Jayne was several years older than Brady. They’d met in rehab, and somehow she’d convinced him to leave his wife, check out of the clinic, and disappear with her.

The last time Ava had heard from Jayne, she’d been upbeat, looking forward to the future with this young man and promising to stay clean.

Ava hoped for the best but always expected the worst when it came to her twin.

Brady’s pleading gaze held Ava’s. He really cares about her. How had Jayne gotten to this rich, good-looking young man?

“She vanished, and she told me in the past to find you if she ever disappeared.”

Alarms went off in Ava’s head. “You better come in.”


Minutes after he’d arrived on her doorstep, Ava had Brady settled on a stool in her new kitchen, with a glass of iced tea in his hands. He sat at an island that was so big she had to stretch onto her toes to wipe its center. The contractor had measured how far Ava could reach before approving the island. He had a client who was annoyed with him that she had to climb on a chair to clean her island. He refused to make that mistake again.

Brady watched as she poured her own iced tea. “It’s so weird. You walk like her and move your head the same way.” He blew out a breath. “Her hair is the same color and length too.”

“That’s unusual,” Ava said as she took the stool beside him. “In the past she’s tried to keep her hair as different as possible. Blonde or purple. She’s always said brown is boring.”

“She was making a fresh start. We both were.”

Fresh start. How many times have I heard her say that?

“She’s a drug addict. She always will be. The same with you.”

“I know that . . . We both know that.”

“Who decided the two of you should leave the local clinic and go to Costa Rica?”

His shoulders slumped. “Me.”

Ava doubted that. Jayne was a master of manipulation. It would have been child’s play for her to convince Brady he’d come up with the idea when she’d planted it seed by seed in his brain. Ava knew Jayne had always wanted a lengthy tropical vacation. No doubt she had seen the possibility with Brady.

“You were married when you met my sister.”

He slumped more. “I was. But it was over before I entered the rehab clinic. I didn’t leave her for Jayne.”

Maybe true. Maybe not. But either way, Brady believed it now.

“The two of you decided you’d make more progress in Costa Rica at a different rehab clinic?”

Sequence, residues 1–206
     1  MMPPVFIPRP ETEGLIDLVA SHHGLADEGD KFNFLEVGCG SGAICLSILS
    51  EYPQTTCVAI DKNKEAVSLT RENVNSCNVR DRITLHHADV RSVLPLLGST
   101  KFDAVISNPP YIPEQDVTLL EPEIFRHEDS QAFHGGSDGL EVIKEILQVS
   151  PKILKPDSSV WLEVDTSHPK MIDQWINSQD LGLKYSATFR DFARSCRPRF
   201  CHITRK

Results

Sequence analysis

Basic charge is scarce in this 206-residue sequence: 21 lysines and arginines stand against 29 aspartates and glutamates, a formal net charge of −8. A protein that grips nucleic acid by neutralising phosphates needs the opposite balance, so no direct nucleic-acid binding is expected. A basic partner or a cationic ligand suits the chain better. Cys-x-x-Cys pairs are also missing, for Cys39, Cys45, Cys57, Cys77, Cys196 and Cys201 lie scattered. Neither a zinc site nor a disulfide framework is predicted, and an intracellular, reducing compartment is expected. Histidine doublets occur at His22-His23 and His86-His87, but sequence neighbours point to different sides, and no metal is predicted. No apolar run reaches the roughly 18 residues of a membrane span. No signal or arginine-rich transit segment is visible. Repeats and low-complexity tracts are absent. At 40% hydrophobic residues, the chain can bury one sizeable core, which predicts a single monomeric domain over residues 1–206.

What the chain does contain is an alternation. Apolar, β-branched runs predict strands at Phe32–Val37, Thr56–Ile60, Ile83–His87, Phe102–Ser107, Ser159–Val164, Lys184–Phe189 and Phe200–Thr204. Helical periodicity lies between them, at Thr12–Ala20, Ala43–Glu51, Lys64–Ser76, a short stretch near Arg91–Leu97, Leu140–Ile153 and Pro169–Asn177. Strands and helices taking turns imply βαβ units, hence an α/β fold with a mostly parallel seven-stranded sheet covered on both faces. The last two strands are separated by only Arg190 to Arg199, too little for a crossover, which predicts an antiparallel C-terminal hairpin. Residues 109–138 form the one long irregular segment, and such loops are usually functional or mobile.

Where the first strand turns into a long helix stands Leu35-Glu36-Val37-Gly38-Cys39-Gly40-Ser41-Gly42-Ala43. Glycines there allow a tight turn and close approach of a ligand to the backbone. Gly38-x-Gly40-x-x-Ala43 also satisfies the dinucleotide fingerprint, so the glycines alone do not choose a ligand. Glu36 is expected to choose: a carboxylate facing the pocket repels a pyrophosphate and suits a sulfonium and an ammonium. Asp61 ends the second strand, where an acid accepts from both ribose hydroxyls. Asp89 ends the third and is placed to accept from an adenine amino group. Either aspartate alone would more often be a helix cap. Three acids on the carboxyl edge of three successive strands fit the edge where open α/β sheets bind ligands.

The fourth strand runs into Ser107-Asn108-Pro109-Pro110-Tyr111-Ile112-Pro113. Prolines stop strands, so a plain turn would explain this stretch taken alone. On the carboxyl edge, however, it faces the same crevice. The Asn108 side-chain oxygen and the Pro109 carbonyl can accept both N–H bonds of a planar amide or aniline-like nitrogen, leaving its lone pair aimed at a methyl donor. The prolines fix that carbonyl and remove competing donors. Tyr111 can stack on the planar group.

“Yeah, but we checked out of there three months ago.”

Ava blinked. “Where have you been?”

“We’re living not far from the clinic. It’s really beautiful down there.”

“Your family was providing you with money to live in a foreign country?”

“It’s pretty cheap. We had a huge place with an ocean view for less than ten thousand a month.”

She swallowed. Brady was serious. To him that was cheap.

“When did she leave?”

“It’s been about two weeks.”

“What? And you’re just telling me now?” Ava tightened her grip on her glass of tea.

Not my problem. Jayne is not my problem.

Two decades of trying to help her sister had ripped holes in Ava. The scars were deep.

Jayne’s suicide attempt last year had nearly destroyed her.

Ava had to build a wall and keep it between the two of them, and Mason had done everything in his power to help.

“I thought she’d be back. She would take off for a few days sometimes, but she always came back.”

“Hang on.” Ava pulled out her phone and opened a locator app. After Jayne’s suicide attempt, she’d added her sister’s phone to the app without Jayne knowing. In the hospital, she’d used the facial recognition on Jayne’s phone to approve the addition.

Being a twin was good for some things.

Ava had checked the app once a month, noting that Jayne was still in Costa Rica. It’d given Ava some peace, but not much.

Right now the app couldn’t find Jayne.

Her phone was off.

“Where would she go?” This is the Jayne I know. Vanishing acts.

Brady shrugged, keeping his gaze on his tea. “I don’t know. She asked that I not talk to her about her disappearances. She was always clean when she came back. I could tell she hadn’t been using or drinking.”

Ava bit her tongue to stop from lecturing Brady on the characteristics of a healthy relationship. “What was she doing? Shopping? Have you checked your credit cards?” she asked bitterly. Jayne had run up huge debts with Ava’s cards multiple times.

“I got her some cards in her own name.” He finally met Ava’s eyes. “I looked. There’s no charges on hers or mine.”